1. Robin Hood: Russell Crowe and Ridley Scott together have compiled all the main ingredients for the Robin Hood “stew”. First, you explain how the story with Robin plus his band of Merry Men gets all the way from the Crusades into Sherwood Forest. That takes the better part of one hour. My one big “beef” with this plot was the time it took to get Robin and his crew into the Forest.
Everyone knows that Robin is the Earl of Locksley. This is another vital element. Everyone knows that Richard the Lionhearted is the “good” king and John is the evil brother. There is the Sheriff of Nottingham, who is always up to no-good. And layered over everything is the love story between Robin and Maid Marian.
In this instance, the fleshing out of the story pays off because Russell Crowe and Cate Blanchett work together to craft a believable relationship between two strong characters.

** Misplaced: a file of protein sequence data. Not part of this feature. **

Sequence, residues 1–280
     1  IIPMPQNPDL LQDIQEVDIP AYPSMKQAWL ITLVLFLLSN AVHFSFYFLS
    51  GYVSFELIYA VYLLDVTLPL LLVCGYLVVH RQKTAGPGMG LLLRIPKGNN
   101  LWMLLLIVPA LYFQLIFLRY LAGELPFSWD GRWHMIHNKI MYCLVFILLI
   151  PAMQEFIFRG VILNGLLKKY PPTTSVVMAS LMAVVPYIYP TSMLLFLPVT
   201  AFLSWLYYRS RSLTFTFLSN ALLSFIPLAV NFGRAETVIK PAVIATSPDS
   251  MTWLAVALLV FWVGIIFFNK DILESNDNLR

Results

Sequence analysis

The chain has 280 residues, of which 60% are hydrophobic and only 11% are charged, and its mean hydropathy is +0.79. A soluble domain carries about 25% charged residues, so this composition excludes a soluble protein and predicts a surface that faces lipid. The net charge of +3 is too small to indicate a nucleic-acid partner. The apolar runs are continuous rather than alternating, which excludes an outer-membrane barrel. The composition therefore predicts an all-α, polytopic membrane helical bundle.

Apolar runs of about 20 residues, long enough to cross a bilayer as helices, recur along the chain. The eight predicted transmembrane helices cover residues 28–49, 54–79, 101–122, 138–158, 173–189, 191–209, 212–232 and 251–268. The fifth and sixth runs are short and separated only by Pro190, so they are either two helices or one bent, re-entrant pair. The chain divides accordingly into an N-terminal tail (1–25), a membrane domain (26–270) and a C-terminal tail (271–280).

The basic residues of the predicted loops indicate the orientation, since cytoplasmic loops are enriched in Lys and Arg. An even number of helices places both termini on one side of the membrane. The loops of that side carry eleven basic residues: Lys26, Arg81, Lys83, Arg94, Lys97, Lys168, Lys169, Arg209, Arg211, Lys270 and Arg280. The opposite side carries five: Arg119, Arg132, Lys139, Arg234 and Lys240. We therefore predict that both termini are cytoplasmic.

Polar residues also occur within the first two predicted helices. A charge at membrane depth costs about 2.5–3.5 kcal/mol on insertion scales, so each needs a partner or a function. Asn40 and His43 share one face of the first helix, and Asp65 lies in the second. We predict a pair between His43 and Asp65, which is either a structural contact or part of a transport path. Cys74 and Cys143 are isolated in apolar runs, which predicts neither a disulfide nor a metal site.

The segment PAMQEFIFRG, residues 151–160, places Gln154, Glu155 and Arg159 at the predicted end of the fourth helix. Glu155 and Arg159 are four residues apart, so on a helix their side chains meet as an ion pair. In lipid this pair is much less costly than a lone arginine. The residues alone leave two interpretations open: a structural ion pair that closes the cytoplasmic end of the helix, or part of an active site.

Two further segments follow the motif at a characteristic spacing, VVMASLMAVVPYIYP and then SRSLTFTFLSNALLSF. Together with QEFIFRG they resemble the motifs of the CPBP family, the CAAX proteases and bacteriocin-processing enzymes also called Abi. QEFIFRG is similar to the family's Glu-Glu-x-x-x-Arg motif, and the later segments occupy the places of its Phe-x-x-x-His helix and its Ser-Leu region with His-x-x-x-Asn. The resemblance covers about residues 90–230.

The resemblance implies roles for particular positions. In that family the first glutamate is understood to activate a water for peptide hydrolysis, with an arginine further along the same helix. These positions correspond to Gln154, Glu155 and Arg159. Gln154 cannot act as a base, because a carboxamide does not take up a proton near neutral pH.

The Merry Men are an aside in this instance, giving the usual storyline a nod and a wink. But the main theme of the story is always the fact that Robin is an outlaw and an altruist at heart. Throw in the conceit of Robin as Master Archer and you concoct a fairly plausible story of “Robin Hood.”
It works, in this instance, even if it does take a tad long to get to the “meat” of the storyline. But this Robin may easily overtake the bastardized Kevin Costner version to find a place in the annals of Robin Hood lore. Not a place quite as high as the gold standard of “Robin Hoods” with Errol Flynn and Basil Rathbone.
Crowe is not a swashbuckling sort of Robin. This is a man with some humility and has his tongue firmly in cheek. The stuff that dreams are made of is found more in the outlandishly overblown performance from a young Errol Flynn. But as Robin Hood’s go, this makes for a pretty good story.